The bettercast is a weekly conversation with a real person about how they got better at something. Through these conversations, we explore what it means to be a better friend, boss, parter, and citizen of the world.
#29 - a new age-old trade
Danielle Frimer is the Head of Conversation Design at Xandra (and Kat's Boss). Like Kat, Danielle is an actor. In this conversation, we talk about how she found herself writing Alexa Skills, how it's like acting, and some of the differences between art and design.
Learn more about Xandra at https://www.xandra.com/
Music by Joel Slabach.
#28 - meaning matching
Sue and Bruce Wilcox make chatbots that frequently win the world's top prizes for artificial intelligence. And the way they've made better chatbots is by pairing backgrounds in psychology with great creative writing and coding skills. In this episode, we learn more about the way they approach designing conversations.
Music by Hale
Learn more about Bruce and Sue Wilcox at http://brilligunderstanding.com/
#27 - stop skipping steps
What's the difference between making stuff that impresses people and making stuff that's actually good? Janelle Hardy is a visual artist who sought find out by placing herself in situations that meant she had to stop skipping steps. We hear how that process introduced her to a new way of looking at her art, and a the joy of mastering the basics.
Plus a huge announcement from Stevo!
Music by Mystery Mammal
#26 - avoiding pointless practice
How far can you run... before you realize you haven't been getting anywhere? Aiden Cooper is a sommelier at a Michelin-starred restaurant in New York. And if that wasn't already competitive enough, a few years ago he was one of the most promising distance runners in the United States. We talk about both of these journeys and how easy it is to confuse pointlessly logging miles and deliberate practice, if you stop reflecting on why you want to get better at something.
More on Dan John's "Compass": http://betterca.st/compass
"Gymnopédie No. 1" by Erik Satie, performed on electric guitar by Furkan KONCA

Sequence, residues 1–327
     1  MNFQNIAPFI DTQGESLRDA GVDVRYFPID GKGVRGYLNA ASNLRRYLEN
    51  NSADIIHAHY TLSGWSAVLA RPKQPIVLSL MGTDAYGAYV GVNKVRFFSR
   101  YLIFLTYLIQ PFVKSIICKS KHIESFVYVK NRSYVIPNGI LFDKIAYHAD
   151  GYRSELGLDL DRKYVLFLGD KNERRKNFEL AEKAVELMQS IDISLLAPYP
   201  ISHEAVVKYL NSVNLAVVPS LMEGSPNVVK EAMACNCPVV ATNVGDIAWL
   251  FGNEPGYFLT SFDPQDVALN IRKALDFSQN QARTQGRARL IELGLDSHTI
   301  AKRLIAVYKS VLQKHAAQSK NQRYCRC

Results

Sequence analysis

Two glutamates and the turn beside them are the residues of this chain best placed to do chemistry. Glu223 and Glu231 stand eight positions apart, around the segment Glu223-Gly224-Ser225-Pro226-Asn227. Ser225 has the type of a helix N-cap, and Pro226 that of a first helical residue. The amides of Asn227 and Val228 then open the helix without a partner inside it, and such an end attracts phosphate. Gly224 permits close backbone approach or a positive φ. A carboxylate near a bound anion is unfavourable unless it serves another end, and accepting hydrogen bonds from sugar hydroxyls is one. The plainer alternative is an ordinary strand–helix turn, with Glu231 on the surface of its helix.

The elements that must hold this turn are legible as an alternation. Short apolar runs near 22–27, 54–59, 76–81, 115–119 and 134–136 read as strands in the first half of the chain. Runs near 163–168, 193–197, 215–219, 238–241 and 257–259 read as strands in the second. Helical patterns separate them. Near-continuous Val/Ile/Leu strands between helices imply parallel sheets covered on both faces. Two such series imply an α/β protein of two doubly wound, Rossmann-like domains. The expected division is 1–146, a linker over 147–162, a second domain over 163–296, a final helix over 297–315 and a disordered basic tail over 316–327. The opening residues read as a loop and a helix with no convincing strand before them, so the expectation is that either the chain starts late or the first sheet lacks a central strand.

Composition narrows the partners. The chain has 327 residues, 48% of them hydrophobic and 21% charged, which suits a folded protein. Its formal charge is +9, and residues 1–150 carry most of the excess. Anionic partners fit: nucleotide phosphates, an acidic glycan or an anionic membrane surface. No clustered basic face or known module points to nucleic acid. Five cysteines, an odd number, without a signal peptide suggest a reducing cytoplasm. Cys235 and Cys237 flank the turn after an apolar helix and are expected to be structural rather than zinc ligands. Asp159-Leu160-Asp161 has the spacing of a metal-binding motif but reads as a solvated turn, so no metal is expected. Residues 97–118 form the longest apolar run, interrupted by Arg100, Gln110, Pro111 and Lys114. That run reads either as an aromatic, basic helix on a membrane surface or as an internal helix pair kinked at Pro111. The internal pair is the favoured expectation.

"Gymnopédie No. 1" by Erik Satie, performed on vibraphone by August Pappas
"Gymnopédie No. 2" by Erik Satie, performed on classical guitar by Tony Smith
"Gymnopédie No. 3" by Erik Satie, performed on celtic harp by Vanessa Sheldon
"Gymnopédie No. 3" by Erik Satie, orchestration by Claude Debussy, performed by Orchestre Symphonique et Lyrique de Nancy
"Gymnopédie No. 3" by Erik Satie, performed on guitar and cello by Ten Strings
"Gymnopédie No. 2" by Erik Satie, performed on piano by Olga Scheps
"Gymnopédie No. 1" by Erik Satie, performed on Q119 and Q960 analog step sequencers by Clockgate
#25 - how to teach (pt 2)
There's lots of stuff you know you shouldn't do, like text and drive. So why do you still do it? Julie Dirksen of Usable Learning joins us for a conversation about complexity and nuance of teaching everything from basic knowledge to advanced habits, and tells us some of the common mistakes that experts make when they seek to teach beginners what they know.
Part 2 of 2 on "how to teach"
More about Julie: http://usablelearning.com
Julie's Book: http://betterca.st/25-book
Intro: "Steppin'" by Wake
Outro: "Tonight by the Moonlight" by James Pants
#24 - how to teach (pt 1)
If you get good at something, someone is going to ask you to teach them how you did it. But being good at something and being good at teaching it are not the same thing. This week, Nakita Pope recalls learning how to teach beginners and how it's shaped her understanding of her own expertise.
Part 1 of 2 on "how to teach"
More about Nakita: http://brandingchicks.com
Intro Music: Calabash by Co.fee
Outro Music: Proton Beat by Gangi
Customer ReviewsSee All
Beaucoup Behavioral Change!
Fantastic podcast going through psychology, change, and motivation, and much more. Cool guests with varied backgrounds and stories keep it interesting. Great hosts who could talk about anything but what really sets it apart is the audio quality, a step ahead of the average cast.
I am a huge fan of these conversations because they make me think, they delight, challenge, and surprise me.. This is my new favorite resource for self-improvement and for food for thought.
Very interesting interviews and topics!